Jesus now explains that what they had heard was God’s voice, and it was meant for them and not for Jesus.  The cross was God’s judgement on the world.  And if one looks at the cross from a worldly perspective, it looks like the defeat of Jesus; but in reality it was Satan’s defeat, as God had already made perfectly in Genesis 3:15.  It was not only the overthrow of Satan but also the means of salvation for sinners.  The result of Jesus being “lifted up” means that all kinds of people without regard to nationality or status would be drawn to him (v. 32).

The crowd spoke up, “We have heard from the Law that the Messiah will remain forever, so how can you say, ‘The Son of Man must be lifted up’? Who is this ‘Son of Man’?”

Then Jesus told them, “You are going to have the light just a little while longer. Walk while you have the light, before darkness overtakes you. Whoever walks in the dark does not know where they are going. Believe in the light while you have the light, so that you may become children of light.” When he had finished speaking, Jesus left and hid himself from them.—12:34-36

The crowd thought that Jesus’ teaching contradicted the Scriptures concerning the Messiah.  They believed in a triumphant and conquering Messiah, but Jesus spoke of death.  Jesus did answer their question directly.  Rather, he concluded his discourse by making in impassioned appeal for faith.  They had to believe while they had the opportunity.  After he finished speaking to the crowd, he hid himself from public view and he did not appear publicly again until his arrest.

Now that we have covered the basics of this passage it is time to dig deeper by answering the burning questions that have arisen out of this passage.  And we are going to focus on answering three questions that arise of this passage.  And those three questions are: (1) why wouldn’t Jesus meet with the Greeks; (2) who is the prince of this world; and (3) why did Jesus hide?

  1. Why wouldn’t Jesus meet with the Greeks?

Why did Jesus seem to evade the issue and begin another teaching discourse?  There are two possible explanations:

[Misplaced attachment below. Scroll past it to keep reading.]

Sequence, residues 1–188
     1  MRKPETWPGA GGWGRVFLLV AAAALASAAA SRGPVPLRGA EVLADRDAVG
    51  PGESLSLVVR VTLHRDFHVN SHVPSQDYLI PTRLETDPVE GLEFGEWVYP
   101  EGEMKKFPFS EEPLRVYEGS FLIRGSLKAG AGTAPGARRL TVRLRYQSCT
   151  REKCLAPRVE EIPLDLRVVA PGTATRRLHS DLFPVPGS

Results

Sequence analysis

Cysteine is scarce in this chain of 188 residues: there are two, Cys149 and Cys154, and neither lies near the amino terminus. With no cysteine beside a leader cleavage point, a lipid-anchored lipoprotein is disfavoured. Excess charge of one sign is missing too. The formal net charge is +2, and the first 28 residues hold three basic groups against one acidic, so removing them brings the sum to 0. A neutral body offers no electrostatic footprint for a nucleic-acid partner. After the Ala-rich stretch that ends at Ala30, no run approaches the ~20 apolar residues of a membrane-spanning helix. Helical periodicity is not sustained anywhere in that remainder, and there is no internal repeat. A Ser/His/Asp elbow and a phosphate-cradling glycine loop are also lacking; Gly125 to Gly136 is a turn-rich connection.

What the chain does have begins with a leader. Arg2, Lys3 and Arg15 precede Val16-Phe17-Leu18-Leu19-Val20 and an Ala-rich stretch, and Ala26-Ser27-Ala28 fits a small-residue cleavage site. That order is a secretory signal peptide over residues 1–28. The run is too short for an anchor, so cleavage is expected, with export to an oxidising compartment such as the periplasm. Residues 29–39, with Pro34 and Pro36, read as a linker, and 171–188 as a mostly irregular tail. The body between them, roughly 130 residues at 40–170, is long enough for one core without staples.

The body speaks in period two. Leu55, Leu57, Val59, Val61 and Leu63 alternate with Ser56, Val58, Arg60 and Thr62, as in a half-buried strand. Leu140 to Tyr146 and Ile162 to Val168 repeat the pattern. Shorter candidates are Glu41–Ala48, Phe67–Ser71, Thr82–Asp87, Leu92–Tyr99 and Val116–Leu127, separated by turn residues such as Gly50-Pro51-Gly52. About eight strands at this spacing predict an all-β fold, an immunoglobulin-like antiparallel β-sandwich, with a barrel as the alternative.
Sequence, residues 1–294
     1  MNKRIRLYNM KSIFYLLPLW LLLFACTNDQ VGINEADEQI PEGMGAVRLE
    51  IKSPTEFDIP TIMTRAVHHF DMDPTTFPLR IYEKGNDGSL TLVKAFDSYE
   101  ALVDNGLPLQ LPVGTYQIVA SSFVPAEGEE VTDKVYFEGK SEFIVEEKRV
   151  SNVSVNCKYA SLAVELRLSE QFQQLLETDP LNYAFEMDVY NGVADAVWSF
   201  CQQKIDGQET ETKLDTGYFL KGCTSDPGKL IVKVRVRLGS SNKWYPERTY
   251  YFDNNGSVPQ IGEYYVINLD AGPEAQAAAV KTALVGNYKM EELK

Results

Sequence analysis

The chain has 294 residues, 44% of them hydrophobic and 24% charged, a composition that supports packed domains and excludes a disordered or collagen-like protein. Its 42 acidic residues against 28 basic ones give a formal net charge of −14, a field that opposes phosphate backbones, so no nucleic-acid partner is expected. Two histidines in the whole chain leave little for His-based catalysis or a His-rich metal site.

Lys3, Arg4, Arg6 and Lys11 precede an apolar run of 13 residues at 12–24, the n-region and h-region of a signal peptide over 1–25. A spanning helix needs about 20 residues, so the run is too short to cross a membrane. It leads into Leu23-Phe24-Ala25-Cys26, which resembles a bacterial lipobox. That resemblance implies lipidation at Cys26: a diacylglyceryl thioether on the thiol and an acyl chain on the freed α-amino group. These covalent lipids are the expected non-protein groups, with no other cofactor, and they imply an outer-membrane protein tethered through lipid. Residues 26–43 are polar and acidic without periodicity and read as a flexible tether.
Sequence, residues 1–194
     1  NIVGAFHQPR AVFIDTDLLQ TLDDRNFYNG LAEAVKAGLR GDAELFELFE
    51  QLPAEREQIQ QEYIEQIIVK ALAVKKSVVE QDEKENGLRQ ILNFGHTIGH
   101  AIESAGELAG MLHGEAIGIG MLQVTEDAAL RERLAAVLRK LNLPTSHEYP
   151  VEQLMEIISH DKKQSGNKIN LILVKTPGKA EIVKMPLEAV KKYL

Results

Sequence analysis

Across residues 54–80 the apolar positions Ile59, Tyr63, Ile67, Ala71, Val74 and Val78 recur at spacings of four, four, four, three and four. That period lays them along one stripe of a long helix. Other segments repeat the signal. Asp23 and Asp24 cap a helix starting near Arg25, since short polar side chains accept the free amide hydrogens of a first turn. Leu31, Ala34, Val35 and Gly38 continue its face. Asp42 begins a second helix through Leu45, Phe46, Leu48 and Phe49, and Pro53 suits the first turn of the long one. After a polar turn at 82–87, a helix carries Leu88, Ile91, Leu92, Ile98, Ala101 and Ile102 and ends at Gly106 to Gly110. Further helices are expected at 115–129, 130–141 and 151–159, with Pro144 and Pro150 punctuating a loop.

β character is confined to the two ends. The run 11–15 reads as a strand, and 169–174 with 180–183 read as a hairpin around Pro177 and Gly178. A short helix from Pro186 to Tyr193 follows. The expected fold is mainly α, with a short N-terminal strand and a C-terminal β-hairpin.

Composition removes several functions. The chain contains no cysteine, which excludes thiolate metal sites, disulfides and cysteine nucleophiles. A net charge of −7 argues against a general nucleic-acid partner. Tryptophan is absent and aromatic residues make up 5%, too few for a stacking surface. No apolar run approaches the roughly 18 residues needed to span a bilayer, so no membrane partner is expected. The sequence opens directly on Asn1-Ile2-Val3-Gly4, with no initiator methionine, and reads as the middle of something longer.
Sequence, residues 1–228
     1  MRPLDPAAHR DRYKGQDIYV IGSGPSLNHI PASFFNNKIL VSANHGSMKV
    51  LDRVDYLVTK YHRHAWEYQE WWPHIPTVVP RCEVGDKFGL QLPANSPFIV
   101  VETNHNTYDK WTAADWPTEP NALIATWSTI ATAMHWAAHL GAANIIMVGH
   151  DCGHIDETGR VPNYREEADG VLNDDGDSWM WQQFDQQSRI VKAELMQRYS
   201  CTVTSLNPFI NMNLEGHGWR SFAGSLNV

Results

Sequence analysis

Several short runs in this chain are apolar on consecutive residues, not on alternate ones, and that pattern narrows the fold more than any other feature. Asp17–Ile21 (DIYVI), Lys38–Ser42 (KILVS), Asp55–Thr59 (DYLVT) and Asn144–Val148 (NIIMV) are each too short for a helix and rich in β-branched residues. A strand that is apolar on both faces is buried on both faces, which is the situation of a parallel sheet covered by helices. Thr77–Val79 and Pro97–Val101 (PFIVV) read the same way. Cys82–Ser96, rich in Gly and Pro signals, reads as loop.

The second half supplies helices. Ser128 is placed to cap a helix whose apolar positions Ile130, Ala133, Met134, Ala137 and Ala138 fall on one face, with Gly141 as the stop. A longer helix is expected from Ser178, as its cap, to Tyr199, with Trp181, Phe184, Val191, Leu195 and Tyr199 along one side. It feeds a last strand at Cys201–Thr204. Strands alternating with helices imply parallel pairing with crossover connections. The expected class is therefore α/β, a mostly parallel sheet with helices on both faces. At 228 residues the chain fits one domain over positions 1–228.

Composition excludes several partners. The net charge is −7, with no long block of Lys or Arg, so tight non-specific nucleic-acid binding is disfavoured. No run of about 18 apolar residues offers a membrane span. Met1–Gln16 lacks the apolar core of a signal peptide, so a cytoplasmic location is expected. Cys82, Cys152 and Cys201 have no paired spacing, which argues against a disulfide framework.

1. Greeks were known for their interest in exploring novel philosophies and new ideas.  It is possible their desire to see Jesus was motivated more by intellectual curiosity than spiritual hunger.
  2. Jesus, more likely, saw this request from Gentiles as a signal.  The “hour” of his mission as the Savior of the world was coming to a climax.  And he would now devote his full attention to the task ahead—dying for the sins of the world.
  3. Who is the “prince of this world”?

This is a title for Satan that suggests he currently hold limited power over the people of this world.  However, anticipating his death and resurrection, Jesus was preparing to dethrone Satan.  And in the age to come Satan will be powerless and confined forever under judgement.

  1. Why did Jesus hide?

As Jesus’ public ministry drew to a close, so did the opportunity for the Jews to accept him as their Messiah.  He may have hidden from them to underscore what he had just told them—that soon the light would be taken from them.  But more likely Jesus left the public eye because his ministry on earth was finished.  And we will pick up from here tomorrow as we see how John describes the end of Jesus’ earthly ministry.

Tomorrow’s Bible Readings:

2 Samuel 23:24-24:25, Acts 3, Psalm 123:1-4 and Proverbs 16:21-23